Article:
Traffic correlation using netflows

People are starting to ask us about a recent tech report from Sambuddho's group about how an attacker with access to many routers around the Internet could gather the netflow logs from these routers and match up Tor flows. It's great to see more research on traffic correlation attacks, especially on attacks that don't need to see the whole flow on each side. But it's also important to realize that traffic correlation attacks are not a new area.

This blog post aims to give you some background to get you up to speed on the topic.

First, you should read the first few paragraphs of the One cell is enough to break Tor's anonymity analysis:

First, remember the basics of how Tor provides anonymity. Tor clients route their traffic over several (usually three) relays, with the goal that no single relay gets to learn both where the user is (call her Alice) and what site she's reaching (call it Bob).

The Tor design doesn't try to protect against an attacker who can see or measure both traffic going into the Tor network and also traffic coming out of the Tor network. That's because if you can see both flows, some simple statistics let you decide whether they match up.

Because we aim to let people browse the web, we can't afford the extra overhead and hours of additional delay that are used in high-latency mix networks like Mixmaster or Mixminion to slow this attack. That's why Tor's security is all about trying to decrease the chances that an adversary will end up in the right positions to see the traffic flows.

The way we generally explain it is that Tor tries to protect against traffic analysis, where an attacker tries to learn whom to investigate, but Tor can't protect against traffic confirmation (also known as end-to-end correlation), where an attacker tries to confirm a hypothesis by monitoring the right locations in the network and then doing the math.

And the math is really effective. There are simple packet counting attacks (Passive Attack Analysis for Connection-Based Anonymity Systems) and moving window averages (Timing Attacks in Low-Latency Mix-Based Systems), but the more recent stuff is downright scary, like Steven Murdoch's PET 2007 paper about achieving high confidence in a correlation attack despite seeing only 1 in 2000 packets on each side (Sampled Traffic Analysis by Internet-Exchange-Level Adversaries).

Second, there's some further discussion about the efficacy of traffic correlation attacks at scale in the Improving Tor's anonymity by changing guard parameters analysis:

Tariq's paper makes two simplifying assumptions when calling an attack successful [...] 2) He assumes that the end-to-end correlation attack (matching up the incoming flow to the outgoing flow) is instantaneous and perfect. [...] The second one ("how successful is the correlation attack at scale?" or maybe better, "how do the false positives in the correlation attack compare to the false negatives?") remains an open research question.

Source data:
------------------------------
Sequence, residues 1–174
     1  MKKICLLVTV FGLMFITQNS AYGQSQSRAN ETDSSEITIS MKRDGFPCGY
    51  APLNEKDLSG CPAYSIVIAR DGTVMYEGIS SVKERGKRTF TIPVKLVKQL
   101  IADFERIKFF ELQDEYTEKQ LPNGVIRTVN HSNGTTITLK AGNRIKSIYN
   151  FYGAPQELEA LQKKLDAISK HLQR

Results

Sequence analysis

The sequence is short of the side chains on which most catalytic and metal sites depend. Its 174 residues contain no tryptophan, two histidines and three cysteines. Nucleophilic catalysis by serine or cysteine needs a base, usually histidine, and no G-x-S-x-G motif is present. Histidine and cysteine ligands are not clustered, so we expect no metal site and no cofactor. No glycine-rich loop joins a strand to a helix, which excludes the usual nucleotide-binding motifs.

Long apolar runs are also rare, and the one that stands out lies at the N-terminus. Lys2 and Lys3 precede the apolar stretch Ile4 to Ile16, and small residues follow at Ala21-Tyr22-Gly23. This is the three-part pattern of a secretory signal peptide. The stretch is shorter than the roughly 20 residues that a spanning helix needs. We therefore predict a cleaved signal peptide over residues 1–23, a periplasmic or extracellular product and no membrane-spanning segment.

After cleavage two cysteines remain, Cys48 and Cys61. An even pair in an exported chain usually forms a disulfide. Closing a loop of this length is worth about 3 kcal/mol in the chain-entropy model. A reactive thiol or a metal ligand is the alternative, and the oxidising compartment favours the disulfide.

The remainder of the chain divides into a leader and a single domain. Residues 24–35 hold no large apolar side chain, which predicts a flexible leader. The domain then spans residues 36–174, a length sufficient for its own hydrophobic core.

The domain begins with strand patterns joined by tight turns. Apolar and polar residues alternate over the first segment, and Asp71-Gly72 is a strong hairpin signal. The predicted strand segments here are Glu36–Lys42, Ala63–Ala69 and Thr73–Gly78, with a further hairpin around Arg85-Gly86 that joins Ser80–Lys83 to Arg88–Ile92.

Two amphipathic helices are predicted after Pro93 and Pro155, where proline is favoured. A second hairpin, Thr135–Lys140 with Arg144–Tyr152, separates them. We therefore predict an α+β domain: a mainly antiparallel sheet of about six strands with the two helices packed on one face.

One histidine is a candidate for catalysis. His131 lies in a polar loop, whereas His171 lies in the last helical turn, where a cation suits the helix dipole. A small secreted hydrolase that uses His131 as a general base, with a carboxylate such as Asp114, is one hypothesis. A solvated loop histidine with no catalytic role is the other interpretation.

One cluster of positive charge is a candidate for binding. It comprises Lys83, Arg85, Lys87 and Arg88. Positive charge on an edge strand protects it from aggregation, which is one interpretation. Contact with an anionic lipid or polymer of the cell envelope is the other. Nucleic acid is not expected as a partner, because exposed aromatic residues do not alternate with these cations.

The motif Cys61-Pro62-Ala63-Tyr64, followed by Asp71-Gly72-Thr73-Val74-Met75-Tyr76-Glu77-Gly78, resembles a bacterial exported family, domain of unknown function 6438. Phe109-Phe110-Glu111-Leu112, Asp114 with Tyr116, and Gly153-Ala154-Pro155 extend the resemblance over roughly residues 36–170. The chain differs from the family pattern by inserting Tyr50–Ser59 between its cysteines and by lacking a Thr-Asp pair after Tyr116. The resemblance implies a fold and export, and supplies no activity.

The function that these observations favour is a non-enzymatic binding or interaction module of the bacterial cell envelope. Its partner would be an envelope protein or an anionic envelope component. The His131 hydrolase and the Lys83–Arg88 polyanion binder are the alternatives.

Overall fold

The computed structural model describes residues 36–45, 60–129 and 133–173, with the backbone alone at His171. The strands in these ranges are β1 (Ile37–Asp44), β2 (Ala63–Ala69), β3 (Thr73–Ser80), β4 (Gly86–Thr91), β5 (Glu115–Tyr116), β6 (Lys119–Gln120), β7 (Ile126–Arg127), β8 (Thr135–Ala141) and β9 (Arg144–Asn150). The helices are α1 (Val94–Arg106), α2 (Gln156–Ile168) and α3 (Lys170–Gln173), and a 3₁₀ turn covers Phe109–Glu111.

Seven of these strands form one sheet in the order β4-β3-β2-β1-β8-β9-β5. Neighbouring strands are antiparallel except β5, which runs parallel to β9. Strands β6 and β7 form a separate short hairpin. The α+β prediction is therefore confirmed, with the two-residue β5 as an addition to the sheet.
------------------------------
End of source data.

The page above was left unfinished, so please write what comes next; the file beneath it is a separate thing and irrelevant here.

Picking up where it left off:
Researchers generally agree that given a handful of traffic flows, it's easy to match them up. But what about the millions of traffic flows we have now? What levels of false positives (algorithm says "match!" when it's wrong) are acceptable to this attacker? Are there some simple, not too burdensome, tricks we can do to drive up the false positives rates, even if we all agree that those tricks wouldn't work in the "just looking at a handful of flows" case?

More precisely, it's possible that correlation attacks don't scale well because as the number of Tor clients grows, the chance that the exit stream actually came from a different Tor client (not the one you're watching) grows. So the confidence in your match needs to grow along with that or your false positive rate will explode. The people who say that correlation attacks don't scale use phrases like "say your correlation attack is 99.9% accurate" when arguing it. The folks who think it does scale use phrases like "I can easily make my correlation attack arbitrarily accurate." My hope is that the reality is somewhere in between — correlation attacks in the current Tor network can probably be made plenty accurate, but perhaps with some simple design changes we can improve the situation.

The discussion of false positives is key to this new paper too: Sambuddho's paper mentions a false positive rate of 6%. That sounds like it means if you see a traffic flow at one side of the Tor network, and you have a set of 100000 flows on the other side and you're trying to find the match, then 6000 of those flows will look like a match. It's easy to see how at scale, this "base rate fallacy" problem could make the attack effectively useless.

And that high false positive rate is not at all surprising, since he is trying to capture only a summary of the flows at each side and then do the correlation using only those summaries. It would be neat (in a theoretical sense) to learn that it works, but it seems to me that there's a lot of work left here in showing that it would work in practice. It also seems likely that his definition of false positive rate and my use of it above don't line up completely: it would be great if somebody here could work on reconciling them.

For a possibly related case where a series of academic research papers misunderstood the base rate fallacy and came to bad conclusions, see Mike's critique of website fingerprinting attacks plus the follow-up paper from CCS this year confirming that he's right.

I should also emphasize that whether this attack can be performed at all has to do with how much of the Internet the adversary is able to measure or control. This diversity question is a large and important one, with lots of attention already. See more discussion here.

In summary, it's great to see more research on traffic confirmation attacks, but a) traffic confirmation attacks are not a new area so don't freak out without actually reading the papers, and b) this particular one, while kind of neat, doesn't supercede all the previous papers.